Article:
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Salud Pública de México

versión impresa ISSN 0036-3634

Salud pública Méx vol.61 no.2 Cuernavaca mar./abr. 2019  Epub 06-Dic-2019

http://dx.doi.org/10.21149/9205 

Cartas al editor

Prevalence of osteopenia, osteoporosis and their risk factors in the Niterói Family Doctor Program

Prevalencia de osteopenia, osteoporosis y sus factores de riesgo en el Programa Médico de Familia Niterói

Adilson Mangela-Gomes, MSc1 

Maria Luiza Garcia-Rosa, MD, PhD1 

Edna Massae-Yokoo, PhD1 

Vivian Wahrlich, PhD2 

Daniel Garbin-Di Luca, MD3 

Diana María Martínez-Cerón, MSc4 

1 Departamento de Epidemiologia e Bioestatística, Universidade Federal Fluminense. Niteroi, Rio de Janeiro, Brazil.

2 Departamento de Nutrição Social, Universidade Federal Fluminense. Niteroi, Rio de Janeiro, Brazil.

3 Departamento de Medicina Clínica, Universidade Federal Fluminense. Niteroi, Rio de Janeiro, Brazil.

4 Departamento de Medicina Social y Salud Familiar, Universidad del Cauca. Popayán, Colombia.

Dear editor: Osteoporosis is a condition prevalent among elderly, predominantly in women, with morbid consequences pointing to the importance of its prevention.

Several factors well-known contribute to loss of bone mineral density (BMD). Interestingly, urine calcium excretion predicts bone loss in idiopathic hypercalciuria. BMD loss and hypercalciuria are associated with dietary calcium intake and body weight, indicating that some innate characteristics of the skeletal tissue, kidney, and intestine may affect the clinical course of bone loss in hypercalciuric patients, operating as a metabolic disorder.1 The excessive sodium intake might also accelerate bone reabsorption.2

This study is part of the Digitalis Study, a cross-sectional investigation with a random sample of a registered population in the Niteroi Family Doctor Program, State of Rio de Janeiro, Brazil. The objective was to test the association of osteopenia or osteoporosis with hypercalciuria and excessive sodium intake.

All the participants (220 women and 146 men, 45 to 99 years old) undergo the DXA exam biochemical serum and urine analysis.

The prevalence rate was 44.1% for osteopenia and 8% of osteoporosis. These numbers are lower than the ones reported for Latin American countries, where prevalence rates for osteopenia ranged from 46 to 57.2% and for osteoporosis from 7.9 to 22%.3 Besides the genetic profile and environmental factors, this divergence could be accounted for by low protein and calcium intake during bone formation, conditions that have already been associated with a higher risk of osteoporosis development.4

Patients with hypercalciuria often excrete more calcium than they absorb, reflecting a net loss of total body calcium.5 In the present study, an excessive urinary calcium excretion was associated with osteoporosis in women, but not to osteopenia. In the multiple logistical regression analysis, the effect of an excessive urinary calcium excretion on osteoporosis, independent of the gender or BMI, was substantial (OR= 3.26 and p<0.05).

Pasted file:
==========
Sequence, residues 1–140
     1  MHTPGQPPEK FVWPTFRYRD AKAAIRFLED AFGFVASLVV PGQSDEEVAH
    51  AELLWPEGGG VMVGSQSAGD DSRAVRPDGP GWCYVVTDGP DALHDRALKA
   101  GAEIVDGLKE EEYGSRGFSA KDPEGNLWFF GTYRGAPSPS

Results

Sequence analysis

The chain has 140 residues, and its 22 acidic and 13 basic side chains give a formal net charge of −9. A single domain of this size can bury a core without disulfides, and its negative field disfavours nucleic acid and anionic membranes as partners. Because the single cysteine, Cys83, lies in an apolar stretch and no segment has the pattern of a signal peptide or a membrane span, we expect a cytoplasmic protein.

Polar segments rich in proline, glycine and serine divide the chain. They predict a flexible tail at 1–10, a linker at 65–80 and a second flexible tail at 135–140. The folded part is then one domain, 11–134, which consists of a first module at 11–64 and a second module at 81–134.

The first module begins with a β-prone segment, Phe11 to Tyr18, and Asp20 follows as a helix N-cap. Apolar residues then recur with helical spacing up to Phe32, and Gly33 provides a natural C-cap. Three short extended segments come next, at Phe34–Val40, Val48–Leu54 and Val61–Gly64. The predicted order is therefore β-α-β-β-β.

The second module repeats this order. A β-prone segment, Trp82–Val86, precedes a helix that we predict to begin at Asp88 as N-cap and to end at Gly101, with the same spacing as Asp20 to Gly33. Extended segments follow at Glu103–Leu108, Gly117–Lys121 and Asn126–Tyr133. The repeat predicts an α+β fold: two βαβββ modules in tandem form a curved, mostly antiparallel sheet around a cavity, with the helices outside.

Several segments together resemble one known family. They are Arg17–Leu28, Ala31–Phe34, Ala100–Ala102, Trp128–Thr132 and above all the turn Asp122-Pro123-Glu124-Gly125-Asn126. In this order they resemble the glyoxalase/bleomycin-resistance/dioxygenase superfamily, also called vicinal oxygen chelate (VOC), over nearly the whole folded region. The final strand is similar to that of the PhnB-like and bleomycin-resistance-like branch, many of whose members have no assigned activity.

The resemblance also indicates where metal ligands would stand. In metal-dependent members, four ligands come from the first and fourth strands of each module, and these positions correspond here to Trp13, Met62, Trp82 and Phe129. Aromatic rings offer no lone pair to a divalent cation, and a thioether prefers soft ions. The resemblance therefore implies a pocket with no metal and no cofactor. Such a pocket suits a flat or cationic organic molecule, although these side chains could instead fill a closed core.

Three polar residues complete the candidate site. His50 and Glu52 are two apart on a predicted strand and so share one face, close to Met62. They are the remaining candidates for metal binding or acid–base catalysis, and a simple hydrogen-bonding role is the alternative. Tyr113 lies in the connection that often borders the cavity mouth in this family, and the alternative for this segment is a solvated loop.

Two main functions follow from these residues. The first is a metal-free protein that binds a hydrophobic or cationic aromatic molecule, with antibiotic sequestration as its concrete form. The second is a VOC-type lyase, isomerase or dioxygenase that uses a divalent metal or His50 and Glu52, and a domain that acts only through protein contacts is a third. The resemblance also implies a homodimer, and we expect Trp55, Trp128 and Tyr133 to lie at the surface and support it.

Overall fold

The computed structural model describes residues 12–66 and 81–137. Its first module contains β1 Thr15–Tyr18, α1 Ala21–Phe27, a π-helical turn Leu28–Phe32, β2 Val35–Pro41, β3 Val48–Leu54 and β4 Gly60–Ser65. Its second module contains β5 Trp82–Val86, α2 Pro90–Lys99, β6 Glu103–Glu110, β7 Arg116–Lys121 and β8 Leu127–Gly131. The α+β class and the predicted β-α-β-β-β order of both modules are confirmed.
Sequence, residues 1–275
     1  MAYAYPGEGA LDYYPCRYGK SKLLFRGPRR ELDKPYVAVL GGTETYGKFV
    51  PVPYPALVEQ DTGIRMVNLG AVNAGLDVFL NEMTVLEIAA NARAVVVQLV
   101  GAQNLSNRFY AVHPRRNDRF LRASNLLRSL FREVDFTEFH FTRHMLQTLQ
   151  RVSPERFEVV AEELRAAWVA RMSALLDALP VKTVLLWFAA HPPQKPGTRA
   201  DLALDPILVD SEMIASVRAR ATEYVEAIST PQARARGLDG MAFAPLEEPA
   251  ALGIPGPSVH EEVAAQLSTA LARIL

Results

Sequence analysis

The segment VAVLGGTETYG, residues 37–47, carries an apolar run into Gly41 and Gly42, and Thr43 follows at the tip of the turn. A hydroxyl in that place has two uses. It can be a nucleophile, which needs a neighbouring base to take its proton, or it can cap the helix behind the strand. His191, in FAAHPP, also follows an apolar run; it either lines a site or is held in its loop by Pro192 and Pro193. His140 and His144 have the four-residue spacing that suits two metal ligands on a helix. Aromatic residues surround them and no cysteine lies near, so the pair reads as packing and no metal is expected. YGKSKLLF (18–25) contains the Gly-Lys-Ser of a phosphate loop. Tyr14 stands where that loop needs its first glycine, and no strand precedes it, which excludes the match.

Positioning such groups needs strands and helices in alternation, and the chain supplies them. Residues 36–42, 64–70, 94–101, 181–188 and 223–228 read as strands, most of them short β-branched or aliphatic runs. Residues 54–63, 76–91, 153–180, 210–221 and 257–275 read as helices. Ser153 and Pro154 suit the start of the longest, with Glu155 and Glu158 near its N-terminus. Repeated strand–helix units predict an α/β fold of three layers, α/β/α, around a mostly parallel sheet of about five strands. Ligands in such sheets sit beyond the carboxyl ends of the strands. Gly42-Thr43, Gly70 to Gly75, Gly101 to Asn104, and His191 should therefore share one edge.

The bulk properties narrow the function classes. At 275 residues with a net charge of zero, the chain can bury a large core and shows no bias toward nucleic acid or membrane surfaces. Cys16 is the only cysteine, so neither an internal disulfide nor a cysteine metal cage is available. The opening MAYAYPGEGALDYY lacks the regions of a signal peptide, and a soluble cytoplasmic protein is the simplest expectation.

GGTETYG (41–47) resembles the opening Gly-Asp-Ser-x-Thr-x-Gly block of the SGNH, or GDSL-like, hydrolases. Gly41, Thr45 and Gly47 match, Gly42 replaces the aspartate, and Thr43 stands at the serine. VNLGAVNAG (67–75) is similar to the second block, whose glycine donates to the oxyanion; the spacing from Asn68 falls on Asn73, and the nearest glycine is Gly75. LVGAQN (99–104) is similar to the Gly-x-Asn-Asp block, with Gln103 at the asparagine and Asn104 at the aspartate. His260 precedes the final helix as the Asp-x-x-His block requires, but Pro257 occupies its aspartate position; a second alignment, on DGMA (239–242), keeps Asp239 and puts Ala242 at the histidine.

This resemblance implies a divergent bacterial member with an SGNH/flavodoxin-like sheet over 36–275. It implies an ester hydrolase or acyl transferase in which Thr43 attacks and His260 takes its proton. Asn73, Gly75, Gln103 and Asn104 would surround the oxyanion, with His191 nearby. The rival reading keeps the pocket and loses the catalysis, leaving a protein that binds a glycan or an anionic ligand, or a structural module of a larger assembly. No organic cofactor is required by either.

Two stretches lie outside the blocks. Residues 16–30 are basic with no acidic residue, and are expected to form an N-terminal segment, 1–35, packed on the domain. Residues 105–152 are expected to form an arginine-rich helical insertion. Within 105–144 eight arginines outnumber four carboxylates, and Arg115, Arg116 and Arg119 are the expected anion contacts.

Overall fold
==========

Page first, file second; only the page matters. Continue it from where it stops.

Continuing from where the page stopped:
Previous studies have also suggested that the intake of nutrients such as sodium is related to calcium excretion and to BMD.2 The association of sodium intake with osteoporosis was not statistically significant in our study.

Our results also confirm the importance of traditional risk factors (gender, age, BMI and skin color) and highlight the role of a high calcium urinary excretion as an independent factor associated with osteoporosis.

References

1. Sella S, Cattelan C, Realdi G, Giannini S. Bone disease in primary hypercalciuria. Clin Cases Miner Bone Metab. 2008;5(2):118-26. [ Links ]

2. Park SM, Joung JY, Cho YY, Sohn SY, Hur KY, Kim JH, et al. Effect of high dietary sodium on bone turnover markers and urinary calcium excretion in Korean postmenopausal women with low bone mass. Eur J Clin Nutr. 2015;69(3):361-6. https://doi.org/10.1038/ejcn.2014.284 [ Links ]

3. Morales-Torres J, Gutiérrez-Ureña S. Osteoporosis Committee of Pan-American League of Associations for Rheumatology. The burden of osteoporosis in Latin America. Osteoporos Int. 2004;15(8):625-32. https://doi.org/10.1007/s00198-004-1596-3 [ Links ]

4. Rizzoli R. Dairy products, yogurts, and bone health. Am J Clin Nutr. 2014;99(Suppl 5):1256S-62S. https://doi.org/10.3945/ajcn.113.073056 [ Links ]

5. Bushinsky DA, Asplin JR, Grynpas MD, Evan AP, Parker WR, Alexander KM, et al. Calcium oxalate stone formation in genetic hypercalciuric stone-forming rats. Kidney Int. 2002;61(3):975-87. https://doi.org/10.1046/j.1523-1755.2002.00190.x [ Links ]

Corresponding author: mluizagr@gmail.com

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